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Top 5 Queen Music Videos

My favorite band in the world is, without a doubt, Queen. For as long as I can remember, I just love how they can produce music in multiple different styles and genres while still containing a familiar feel across it all. Not to mention their music is just very good in general. In celebration of the Frida’s Drive-In screening of the band’s biographical film, Bohemian Rhapsody (2018), I’ll be presenting my personal top five favorite Queen music videos:
#5 Bohemian Rhapsody (1975)

First up is the project that essentially created the modern day music video as we know it. While it’s definitely a bit primitive looking nowadays, and while it wasn’t the first one to exist out there, you have to give it credit. Just like the song itself, it’s definitely one of these experiences that just needs to be witnessed, as it’s such a ride through multiple different sounding verses of various different tones that somehow just clicks in really well by the end. I’m also a fan of the lighting choices and effects–they just add to the experience that the original song wouldn’t be able to accomplish on it’s own.

#4 A Kind Of Magic (1986)

In a mysterious and abandoned theater, we watch the iconic Freddie Mercury as some sort of magician-like character that encounters May, Taylor, and Deacon (playing a trio of homeless sleeping hobos) and uses magic to transform them into rock stars. What I really like about this is the interrogation of both the band members as well as the animated depictions of them from the album’s cover. As a bonus, we get some very classy backup singers with extremely striking designs. As you’ll probably see both in this video as well as in the entries, I really enjoy when different forms of media, in this case live-action and animation, can lead to some amazing results and I think this video is no exception.

#3 The Invisible Man (1989)

Two of my favorite things in the world are video games and retro 80s aesthetic. This video satisfies my love for both of them at the same time. I think what I really love about this video is just how the music not only works with the action itself, but it also sounds like it belongs in a retro game from that era. It’s a perfect time capsule. The bandmates appearing as nothing more than just simple silhouettes within the game also adds to the simplistic but retro feel of the video. I also just really like the setting of a kid’s room from the 80s, as it feels oddly nostalgic despite me not being born during that time. I guess what I’m trying to say is I just really like the 80s aesthetic.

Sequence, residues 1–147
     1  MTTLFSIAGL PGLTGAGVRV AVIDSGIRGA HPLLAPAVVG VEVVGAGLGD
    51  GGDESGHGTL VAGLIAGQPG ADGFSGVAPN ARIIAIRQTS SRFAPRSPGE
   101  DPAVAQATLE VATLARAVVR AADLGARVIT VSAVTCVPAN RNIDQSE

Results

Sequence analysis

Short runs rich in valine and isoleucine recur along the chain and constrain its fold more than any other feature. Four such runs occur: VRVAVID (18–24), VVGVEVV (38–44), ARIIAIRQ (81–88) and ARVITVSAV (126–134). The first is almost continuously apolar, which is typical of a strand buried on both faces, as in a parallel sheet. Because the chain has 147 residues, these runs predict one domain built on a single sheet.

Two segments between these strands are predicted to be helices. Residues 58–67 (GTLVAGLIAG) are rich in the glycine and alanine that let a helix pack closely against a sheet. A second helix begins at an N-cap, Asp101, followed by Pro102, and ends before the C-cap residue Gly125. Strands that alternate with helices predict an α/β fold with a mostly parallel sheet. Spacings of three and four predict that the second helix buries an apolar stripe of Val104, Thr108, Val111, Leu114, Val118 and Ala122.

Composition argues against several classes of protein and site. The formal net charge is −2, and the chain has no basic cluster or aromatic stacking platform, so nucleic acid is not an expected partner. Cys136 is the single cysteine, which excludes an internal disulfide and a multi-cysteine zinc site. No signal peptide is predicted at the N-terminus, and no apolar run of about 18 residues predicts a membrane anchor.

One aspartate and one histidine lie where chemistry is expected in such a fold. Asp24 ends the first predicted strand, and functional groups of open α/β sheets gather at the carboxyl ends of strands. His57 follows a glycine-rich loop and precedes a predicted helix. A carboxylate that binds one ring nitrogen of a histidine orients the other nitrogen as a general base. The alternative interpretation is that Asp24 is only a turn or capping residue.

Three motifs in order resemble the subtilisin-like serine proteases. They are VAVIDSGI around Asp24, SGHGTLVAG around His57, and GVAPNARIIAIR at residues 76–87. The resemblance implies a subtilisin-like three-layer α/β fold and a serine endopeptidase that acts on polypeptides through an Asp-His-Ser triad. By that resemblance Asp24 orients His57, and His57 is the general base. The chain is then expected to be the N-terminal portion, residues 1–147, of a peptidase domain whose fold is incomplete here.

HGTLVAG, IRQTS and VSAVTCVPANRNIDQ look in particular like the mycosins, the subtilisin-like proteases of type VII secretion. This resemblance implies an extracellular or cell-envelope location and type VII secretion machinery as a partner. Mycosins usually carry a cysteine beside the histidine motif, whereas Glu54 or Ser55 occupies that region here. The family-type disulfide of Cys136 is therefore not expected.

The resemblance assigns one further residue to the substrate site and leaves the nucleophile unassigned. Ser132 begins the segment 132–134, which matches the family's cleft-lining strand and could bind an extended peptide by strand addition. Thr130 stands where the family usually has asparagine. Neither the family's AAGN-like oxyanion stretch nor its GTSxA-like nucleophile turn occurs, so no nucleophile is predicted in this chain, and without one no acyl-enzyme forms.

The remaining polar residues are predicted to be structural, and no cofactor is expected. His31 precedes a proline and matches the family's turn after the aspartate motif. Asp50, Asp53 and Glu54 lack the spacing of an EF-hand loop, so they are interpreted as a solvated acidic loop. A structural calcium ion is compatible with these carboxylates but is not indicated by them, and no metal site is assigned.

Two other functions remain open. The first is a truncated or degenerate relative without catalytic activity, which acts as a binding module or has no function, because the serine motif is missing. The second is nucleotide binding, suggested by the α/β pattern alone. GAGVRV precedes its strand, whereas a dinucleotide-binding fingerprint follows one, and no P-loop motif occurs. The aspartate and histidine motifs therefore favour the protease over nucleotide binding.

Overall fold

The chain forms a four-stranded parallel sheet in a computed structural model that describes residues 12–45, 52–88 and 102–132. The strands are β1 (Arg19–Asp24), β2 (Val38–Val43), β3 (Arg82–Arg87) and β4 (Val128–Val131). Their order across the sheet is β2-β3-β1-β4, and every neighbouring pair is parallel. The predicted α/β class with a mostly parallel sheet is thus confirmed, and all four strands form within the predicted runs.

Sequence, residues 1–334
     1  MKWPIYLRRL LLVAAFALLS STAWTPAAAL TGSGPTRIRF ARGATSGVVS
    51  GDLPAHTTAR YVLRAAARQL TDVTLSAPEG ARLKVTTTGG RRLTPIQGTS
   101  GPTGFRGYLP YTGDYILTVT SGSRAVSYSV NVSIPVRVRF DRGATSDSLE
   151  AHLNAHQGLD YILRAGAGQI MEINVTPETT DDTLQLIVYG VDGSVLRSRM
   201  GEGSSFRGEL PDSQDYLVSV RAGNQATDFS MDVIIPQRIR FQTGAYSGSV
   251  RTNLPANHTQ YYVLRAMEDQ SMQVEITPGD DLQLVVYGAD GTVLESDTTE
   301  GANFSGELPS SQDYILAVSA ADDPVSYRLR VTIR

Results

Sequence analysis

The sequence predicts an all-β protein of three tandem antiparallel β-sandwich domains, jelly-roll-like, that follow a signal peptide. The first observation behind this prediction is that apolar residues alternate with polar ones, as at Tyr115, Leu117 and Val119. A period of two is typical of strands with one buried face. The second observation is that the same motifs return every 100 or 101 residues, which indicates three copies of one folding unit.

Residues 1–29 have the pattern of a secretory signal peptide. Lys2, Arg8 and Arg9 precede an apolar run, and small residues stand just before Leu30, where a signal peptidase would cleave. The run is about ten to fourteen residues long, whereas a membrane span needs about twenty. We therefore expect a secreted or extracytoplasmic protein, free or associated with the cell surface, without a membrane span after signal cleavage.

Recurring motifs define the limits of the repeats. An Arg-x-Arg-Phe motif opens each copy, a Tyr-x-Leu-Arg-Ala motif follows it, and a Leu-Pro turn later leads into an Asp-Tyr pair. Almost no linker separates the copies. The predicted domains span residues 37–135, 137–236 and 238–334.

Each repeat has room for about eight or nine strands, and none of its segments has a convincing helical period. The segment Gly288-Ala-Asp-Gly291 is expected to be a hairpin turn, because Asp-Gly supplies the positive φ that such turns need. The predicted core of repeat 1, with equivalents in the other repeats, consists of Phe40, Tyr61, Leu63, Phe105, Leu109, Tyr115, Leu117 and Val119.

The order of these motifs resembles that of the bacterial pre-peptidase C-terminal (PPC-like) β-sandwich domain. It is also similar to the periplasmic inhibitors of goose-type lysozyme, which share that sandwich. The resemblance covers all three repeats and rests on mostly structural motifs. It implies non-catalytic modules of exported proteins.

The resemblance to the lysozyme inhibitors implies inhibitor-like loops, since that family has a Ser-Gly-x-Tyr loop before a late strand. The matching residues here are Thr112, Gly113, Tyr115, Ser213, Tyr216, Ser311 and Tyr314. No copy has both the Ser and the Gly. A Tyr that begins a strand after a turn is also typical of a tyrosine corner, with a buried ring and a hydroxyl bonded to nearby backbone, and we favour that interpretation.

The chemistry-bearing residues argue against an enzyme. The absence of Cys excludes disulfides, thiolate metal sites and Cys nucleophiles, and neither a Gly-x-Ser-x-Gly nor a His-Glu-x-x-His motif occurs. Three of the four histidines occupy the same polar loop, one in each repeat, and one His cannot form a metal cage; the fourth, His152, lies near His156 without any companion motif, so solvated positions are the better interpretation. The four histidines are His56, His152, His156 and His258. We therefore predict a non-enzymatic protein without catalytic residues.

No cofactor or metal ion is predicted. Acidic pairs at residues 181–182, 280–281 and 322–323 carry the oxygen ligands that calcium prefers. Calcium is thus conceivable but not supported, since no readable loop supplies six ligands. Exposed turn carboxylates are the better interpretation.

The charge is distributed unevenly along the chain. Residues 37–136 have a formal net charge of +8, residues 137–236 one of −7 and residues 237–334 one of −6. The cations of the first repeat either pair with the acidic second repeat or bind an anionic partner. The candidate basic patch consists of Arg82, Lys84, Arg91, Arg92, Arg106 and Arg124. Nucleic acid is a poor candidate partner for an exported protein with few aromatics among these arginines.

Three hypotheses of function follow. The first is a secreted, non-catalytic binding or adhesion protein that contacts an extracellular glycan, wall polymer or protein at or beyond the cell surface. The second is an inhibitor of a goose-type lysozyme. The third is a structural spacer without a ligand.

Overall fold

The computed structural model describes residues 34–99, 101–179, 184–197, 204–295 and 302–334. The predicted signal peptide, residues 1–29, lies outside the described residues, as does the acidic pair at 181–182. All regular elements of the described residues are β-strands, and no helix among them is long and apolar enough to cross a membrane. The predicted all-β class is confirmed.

#2 Save Me (1980)

Here we have one of the band’s more unique songs and videos. It’s definitely one of their most emotional videos, as it’s about the struggles of moving on from a past relationship that just didn’t work out. In the end, how do we move on from something like that? Do we hope that things can get better later, or is it just better to just start taking the tough path on trying to move on? All these questions are brilliantly displayed via the animation segment featuring a young woman and golden dove that represents what the theme of the song is while also giving it a nice dream-like vibe. This was accomplished via rotoscoping–a technique that fuses live action and animation. It’s the same technique that A-ha would use for their iconic music video, Take On Me.

#1 Innuendo (1991)

It’s pretty hard to explain why Innuendo is my favorite of Queen’s music videos, but I think what I love about it is the unique approach it decided to take. With Freddie being too ill to film, old video footage of the band was brilliantly morphed into stylized animation based on different artists – with Mercury drawn in the style of Leonardo Da Vinci, May in the style of Victorian etchings, Taylor in the style of Jackson Pollock, and Deacon in the style of Pablo Picasso. Alongside that is footage from multiple different forms of expressionism–dark baroque artistry and piling scary dolls to different historical moments via stock footage like WWII and the Gulf War while being showcase in a setting very much like the film adaptation of Nineteen Eighty-Four. It’s such a breathtaking experience that’s worth analyzing and experiencing for the masterpiece it is.


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